Dukakis’s other big problem is in foreign policy. He claims, "I am not an isolationist, I'm an interventionist." His advisers tend to be moderates from Harvard and Georgetown, and they say he is a tough bargainer. But on every issue from arms control to the Persian Gulf, his positions are four-square with those of Ted Kennedy, John Kerry, Edward Markey, Gary Studds, and the rest of the Massachusetts congressional delegation—which is to say, on the left end of the Democratic Party.

In the early 1980s Dukakis was a strong supporter of the nuclear freeze. Now he wants to slash Star Wars research, extend the ABM Treaty, and perhaps cancel both the Midgetman missile (as too expensive) and the D-5 submarine missile (as too accurate, a "first-strike weapon," and therefore provocative).

He was one of the first governors to refuse to let his National Guard troops train in Honduras. He declares that U.S. support for the contras is illegal under the Rio Treaty and the OAS Charter, and asks: "Where do we get the right to overthrow governments that we don't agree with?" He says he would push for a Contadora-style peace settlement in Central America, would use inter-American aid as a carrot and stick to ensure Nicaraguan good behavior, and would try above all to fight poverty in the Americas, starting with Mexico.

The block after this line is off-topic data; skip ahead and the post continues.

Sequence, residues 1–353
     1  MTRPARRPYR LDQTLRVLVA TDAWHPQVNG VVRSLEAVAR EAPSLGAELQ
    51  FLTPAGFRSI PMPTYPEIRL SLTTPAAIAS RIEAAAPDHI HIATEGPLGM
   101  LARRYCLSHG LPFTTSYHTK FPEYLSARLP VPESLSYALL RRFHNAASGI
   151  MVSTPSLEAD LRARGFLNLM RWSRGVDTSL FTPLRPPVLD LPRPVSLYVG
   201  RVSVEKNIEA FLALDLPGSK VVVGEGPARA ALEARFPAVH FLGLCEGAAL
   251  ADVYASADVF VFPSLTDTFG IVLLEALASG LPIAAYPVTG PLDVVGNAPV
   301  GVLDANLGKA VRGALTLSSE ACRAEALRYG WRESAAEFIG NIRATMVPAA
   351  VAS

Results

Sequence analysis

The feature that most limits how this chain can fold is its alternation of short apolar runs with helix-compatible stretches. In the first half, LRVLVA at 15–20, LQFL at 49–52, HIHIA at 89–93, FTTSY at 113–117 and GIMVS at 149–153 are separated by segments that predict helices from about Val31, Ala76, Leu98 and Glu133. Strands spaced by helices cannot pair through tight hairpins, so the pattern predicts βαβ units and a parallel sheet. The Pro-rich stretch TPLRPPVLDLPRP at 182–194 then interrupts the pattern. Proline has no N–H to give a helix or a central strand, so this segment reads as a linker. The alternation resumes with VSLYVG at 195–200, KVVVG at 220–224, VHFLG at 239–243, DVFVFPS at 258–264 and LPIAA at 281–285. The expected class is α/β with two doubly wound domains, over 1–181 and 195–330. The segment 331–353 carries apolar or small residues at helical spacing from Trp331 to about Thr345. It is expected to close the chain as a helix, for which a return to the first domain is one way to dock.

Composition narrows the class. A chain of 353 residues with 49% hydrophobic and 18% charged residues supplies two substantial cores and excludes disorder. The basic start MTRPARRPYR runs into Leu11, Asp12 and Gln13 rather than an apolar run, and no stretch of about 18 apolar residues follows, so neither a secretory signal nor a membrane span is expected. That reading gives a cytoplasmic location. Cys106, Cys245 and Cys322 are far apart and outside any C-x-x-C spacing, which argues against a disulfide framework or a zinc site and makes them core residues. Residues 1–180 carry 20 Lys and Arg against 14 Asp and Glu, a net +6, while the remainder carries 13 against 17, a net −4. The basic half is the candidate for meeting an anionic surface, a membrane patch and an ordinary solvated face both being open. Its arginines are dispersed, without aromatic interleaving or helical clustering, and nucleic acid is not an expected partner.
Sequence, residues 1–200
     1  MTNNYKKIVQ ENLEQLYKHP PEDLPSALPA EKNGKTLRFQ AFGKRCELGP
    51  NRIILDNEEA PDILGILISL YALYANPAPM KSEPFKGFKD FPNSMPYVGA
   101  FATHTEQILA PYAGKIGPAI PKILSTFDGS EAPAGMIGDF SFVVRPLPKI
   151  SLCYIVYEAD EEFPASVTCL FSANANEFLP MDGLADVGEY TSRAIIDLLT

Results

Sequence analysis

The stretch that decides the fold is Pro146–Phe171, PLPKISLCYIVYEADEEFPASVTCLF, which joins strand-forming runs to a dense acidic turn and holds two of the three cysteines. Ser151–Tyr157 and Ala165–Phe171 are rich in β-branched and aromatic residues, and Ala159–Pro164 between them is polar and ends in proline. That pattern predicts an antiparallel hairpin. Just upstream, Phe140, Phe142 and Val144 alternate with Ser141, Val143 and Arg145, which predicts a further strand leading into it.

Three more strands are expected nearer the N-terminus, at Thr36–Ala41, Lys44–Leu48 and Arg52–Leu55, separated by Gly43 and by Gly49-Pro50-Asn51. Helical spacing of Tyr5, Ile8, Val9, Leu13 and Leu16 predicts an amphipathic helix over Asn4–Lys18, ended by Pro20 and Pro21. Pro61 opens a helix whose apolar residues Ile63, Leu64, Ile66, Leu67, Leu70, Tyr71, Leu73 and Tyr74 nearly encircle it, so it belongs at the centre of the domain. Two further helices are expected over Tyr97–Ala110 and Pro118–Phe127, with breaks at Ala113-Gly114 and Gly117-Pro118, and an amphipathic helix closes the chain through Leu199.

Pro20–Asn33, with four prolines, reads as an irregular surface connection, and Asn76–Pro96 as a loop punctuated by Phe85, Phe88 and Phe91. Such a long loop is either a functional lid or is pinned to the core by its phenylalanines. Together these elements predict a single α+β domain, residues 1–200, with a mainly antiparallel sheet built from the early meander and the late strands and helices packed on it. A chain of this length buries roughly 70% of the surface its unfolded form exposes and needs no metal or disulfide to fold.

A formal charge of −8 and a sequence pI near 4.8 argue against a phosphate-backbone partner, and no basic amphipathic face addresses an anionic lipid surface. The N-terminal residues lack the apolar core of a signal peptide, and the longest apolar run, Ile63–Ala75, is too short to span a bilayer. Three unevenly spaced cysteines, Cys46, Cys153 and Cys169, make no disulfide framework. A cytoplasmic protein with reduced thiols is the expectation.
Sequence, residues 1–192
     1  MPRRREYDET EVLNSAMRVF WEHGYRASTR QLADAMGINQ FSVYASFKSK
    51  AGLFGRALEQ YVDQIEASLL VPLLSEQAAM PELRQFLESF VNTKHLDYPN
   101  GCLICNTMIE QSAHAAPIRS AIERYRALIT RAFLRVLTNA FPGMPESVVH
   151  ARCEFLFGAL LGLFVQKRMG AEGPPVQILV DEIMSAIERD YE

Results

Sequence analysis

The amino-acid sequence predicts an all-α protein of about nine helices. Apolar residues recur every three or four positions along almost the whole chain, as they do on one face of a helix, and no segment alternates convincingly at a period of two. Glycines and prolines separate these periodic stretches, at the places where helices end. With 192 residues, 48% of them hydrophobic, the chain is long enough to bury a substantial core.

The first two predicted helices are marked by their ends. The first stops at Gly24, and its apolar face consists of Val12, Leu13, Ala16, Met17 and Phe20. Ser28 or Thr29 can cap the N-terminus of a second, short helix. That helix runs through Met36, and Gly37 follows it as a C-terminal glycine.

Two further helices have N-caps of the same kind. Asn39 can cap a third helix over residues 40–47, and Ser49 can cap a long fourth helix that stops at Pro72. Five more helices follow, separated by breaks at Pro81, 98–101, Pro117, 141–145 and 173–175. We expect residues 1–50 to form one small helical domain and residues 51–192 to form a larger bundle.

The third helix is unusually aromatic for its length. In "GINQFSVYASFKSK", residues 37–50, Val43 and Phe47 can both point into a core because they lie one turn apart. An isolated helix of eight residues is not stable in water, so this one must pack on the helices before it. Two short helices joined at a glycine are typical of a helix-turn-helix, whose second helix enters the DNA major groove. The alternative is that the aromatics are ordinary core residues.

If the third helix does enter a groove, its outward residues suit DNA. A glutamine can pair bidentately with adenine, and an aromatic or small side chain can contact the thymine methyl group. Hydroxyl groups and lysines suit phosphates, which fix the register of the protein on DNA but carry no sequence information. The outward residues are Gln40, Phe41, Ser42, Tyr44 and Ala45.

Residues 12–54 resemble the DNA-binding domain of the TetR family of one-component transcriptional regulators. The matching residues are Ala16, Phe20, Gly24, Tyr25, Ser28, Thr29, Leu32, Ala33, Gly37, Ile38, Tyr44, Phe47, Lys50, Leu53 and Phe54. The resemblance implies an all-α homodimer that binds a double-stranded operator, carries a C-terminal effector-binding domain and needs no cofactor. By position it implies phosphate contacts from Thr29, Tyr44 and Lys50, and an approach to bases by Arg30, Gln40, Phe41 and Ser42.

He is opposed to reflagging Kuwaiti vessels in the Persian Gulf, preferring U.S. diplomatic efforts to get major countries to stop arming Iran and Iraq and end the war, or if necessary a U.N. peacekeeping force to patrol the Gulf. He has doubts about whether the invasion of Grenada and the bombing raid on Libya were truly justifiable, and he thinks that "what happened in Korea and the Philippines is the inevitable result of American support for dictators, generals, and juntas." He does give strong support for Israel, but that's an exception to the general pattern.